Although it was the brutal killing of George Floyd in Minneapolis on May 25 that set off huge protests all over the world, there's another name echoing in the chants of those demanding criminal justice reform: Breonna Taylor. The 26-year-old African-American woman and emergency medical technician was killed by police during a no-knock drug raid in Louisville, Kentucky on March 13.
Activists have been calling for the prosecution of the officers involved in that shooting. But writers Mariame Kaba and Andrea J. Ritchie, in an op-ed published on Essence Magazine's website on July 16, stress that prosecutions are not enough — and that Taylor's memory should be honored by a full-fledged abolition of the prison-industrial complex.
Taylor's death shows why no-knock raids, in drug cases, are a terrible idea — as journalist Radley Balko (who now writes for the Washington Post) pointed out time and time again in his articles for Reason Magazine. The main targets of the March 13 raid were Jamarcus Glover and Adrian Walker, who Louisville police suspected of selling drugs. Walker, a licensed gun owner, has said that during the raid, he believed he was the victim of a home invasion or a robbery and was acting in self-defense. Shots were exchanged, and Taylor was caught in the crossfire. No drugs were found during a search of the house.
One of the officers involved in the shooting, Brent Hankison, was fired from the Louisville Metropolitan Police Department, while two others were placed on administrative leave. So far, however, none of them have been arrested or prosecuted.
Kaba and Ritchie, in Essence, note: "The FBI and a special Kentucky prosecutor are investigating Breonna's killing and whether charges can be brought against the officers. We fully support demands for accountability for Breonna's death, and her family and loved ones' quest for justice. When agents of the state act violently against an individual — and in this case, callously and negligently takes their life — there is no doubt that collective responses are absolutely warranted and essential."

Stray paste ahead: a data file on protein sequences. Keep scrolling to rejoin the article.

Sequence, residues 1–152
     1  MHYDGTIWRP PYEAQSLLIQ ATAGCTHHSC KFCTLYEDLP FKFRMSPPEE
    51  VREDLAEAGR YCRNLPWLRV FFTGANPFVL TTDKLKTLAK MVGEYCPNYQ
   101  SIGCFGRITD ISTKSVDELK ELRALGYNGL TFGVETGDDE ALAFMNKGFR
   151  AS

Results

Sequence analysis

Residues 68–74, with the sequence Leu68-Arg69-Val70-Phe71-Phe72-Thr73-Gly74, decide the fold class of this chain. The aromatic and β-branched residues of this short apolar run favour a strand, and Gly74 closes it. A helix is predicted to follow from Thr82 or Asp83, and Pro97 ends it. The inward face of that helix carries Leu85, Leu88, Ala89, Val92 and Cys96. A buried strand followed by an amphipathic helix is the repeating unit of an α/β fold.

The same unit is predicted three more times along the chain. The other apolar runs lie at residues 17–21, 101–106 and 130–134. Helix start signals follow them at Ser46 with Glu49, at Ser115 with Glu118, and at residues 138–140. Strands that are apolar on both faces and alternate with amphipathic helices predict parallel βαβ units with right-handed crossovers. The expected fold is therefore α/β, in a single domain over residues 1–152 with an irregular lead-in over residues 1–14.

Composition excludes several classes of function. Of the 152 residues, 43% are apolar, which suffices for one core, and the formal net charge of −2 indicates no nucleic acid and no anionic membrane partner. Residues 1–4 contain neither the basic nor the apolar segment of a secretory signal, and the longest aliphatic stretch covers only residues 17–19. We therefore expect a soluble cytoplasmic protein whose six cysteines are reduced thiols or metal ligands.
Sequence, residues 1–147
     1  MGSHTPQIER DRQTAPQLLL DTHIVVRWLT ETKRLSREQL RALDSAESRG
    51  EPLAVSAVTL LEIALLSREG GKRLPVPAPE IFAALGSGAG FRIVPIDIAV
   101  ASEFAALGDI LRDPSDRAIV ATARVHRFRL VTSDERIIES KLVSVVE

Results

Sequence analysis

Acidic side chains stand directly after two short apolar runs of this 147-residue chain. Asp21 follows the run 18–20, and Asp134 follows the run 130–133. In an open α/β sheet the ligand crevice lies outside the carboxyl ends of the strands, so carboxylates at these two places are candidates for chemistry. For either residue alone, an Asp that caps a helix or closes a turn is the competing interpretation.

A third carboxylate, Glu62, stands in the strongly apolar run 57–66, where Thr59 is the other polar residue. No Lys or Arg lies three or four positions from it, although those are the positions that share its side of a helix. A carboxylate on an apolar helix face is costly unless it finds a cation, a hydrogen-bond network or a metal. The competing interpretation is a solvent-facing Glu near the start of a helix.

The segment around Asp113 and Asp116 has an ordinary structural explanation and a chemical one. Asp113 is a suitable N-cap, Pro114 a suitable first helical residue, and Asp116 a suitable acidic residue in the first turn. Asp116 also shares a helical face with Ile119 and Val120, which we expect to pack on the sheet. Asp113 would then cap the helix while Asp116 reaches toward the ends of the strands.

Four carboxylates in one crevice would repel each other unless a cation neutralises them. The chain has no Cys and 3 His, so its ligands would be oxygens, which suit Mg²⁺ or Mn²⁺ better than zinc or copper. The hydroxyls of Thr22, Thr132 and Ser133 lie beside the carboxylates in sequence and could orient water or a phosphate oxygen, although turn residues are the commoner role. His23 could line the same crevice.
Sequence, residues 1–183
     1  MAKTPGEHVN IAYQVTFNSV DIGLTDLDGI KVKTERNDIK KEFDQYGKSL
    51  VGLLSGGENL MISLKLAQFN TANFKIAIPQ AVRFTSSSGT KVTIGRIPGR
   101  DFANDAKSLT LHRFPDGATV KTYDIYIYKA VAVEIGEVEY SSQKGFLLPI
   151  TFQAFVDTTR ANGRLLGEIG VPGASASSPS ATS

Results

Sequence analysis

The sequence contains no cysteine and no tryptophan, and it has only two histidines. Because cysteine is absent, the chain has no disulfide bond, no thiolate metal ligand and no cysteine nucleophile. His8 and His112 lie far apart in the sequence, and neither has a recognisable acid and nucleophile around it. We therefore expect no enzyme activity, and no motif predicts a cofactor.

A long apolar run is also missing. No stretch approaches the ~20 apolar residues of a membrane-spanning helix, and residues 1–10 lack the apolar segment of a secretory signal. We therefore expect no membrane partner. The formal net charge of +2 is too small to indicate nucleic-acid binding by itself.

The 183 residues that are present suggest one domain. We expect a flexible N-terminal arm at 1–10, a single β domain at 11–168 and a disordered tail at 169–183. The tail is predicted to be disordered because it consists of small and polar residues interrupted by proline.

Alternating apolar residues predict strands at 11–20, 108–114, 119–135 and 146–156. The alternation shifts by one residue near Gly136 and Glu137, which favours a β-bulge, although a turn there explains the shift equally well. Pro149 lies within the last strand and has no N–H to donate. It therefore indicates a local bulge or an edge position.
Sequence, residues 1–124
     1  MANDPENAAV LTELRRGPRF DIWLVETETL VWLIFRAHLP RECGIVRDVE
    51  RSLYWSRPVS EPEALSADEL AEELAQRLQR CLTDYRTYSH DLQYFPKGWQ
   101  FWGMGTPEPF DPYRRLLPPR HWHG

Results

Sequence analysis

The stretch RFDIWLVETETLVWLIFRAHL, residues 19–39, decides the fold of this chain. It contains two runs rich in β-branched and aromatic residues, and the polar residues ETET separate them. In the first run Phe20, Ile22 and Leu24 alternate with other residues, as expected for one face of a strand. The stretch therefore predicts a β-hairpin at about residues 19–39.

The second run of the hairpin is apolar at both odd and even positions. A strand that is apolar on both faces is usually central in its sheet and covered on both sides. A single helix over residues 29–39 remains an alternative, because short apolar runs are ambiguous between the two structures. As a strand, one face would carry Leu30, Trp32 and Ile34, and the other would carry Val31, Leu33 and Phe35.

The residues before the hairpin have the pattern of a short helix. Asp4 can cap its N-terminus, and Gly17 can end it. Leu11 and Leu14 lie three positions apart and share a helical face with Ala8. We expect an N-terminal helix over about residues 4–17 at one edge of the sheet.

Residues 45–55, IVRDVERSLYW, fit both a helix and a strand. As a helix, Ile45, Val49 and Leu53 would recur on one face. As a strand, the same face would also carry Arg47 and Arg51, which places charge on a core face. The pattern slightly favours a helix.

But Kaba and Ritchie quickly add that real justice for Taylor — as well as George Floyd — needs to involve comprehensive criminal justice reforms in the United States.
"As Prison Industrial Complex (PIC) abolitionists, we want far more than what the system that killed Breonna Taylor can offer — because the system that killed her is not set up to provide justice for her family and loved ones," Kaba and Ritchie emphasize. "Experience shows that officers who harm are rarely arrested by the departments that employ them, and prosecutions and convictions are even more unlikely. Since 2005 there have only been 110 prosecutions of police officers who shot people, while police have killed 1000 people a year on average since 2014."
Kaba and Ritchie go on to say that while police officers who use excessive force are given every benefit of the doubt in the U.S., many African-Americans are guilty until proven innocent under the country's criminal justice system.
"The officers who killed Breonna Taylor will claim self-defense because a confused, half-asleep person defending his home and his fiancée against what he reasonably believed to be a home invasion fired shots," Kaba and Ritchie write. "And, even if they are arrested and brought to trial — if past experience is any indicator — the law will once again provide them with cover for killing another black person. Meanwhile, countless black women and trans people who act in self-defense when police fail to protect them languish in prison."
In their article, Kaba and Ritchie call for a "broader and deeper conception of justice for Breonna Taylor and other survivors and family members harmed by police violence — one rooted in reparation."
"People who have been or who see their loved ones arrested, prosecuted, incarcerated, and killed for the slightest infraction — or none at all — want the system to act fairly by arresting, prosecuting and incarcerating those who harm and kill us," Kaba and Ritchie stress. "People who have consistently been denied protection under the law desperately want the law to live up to its promises."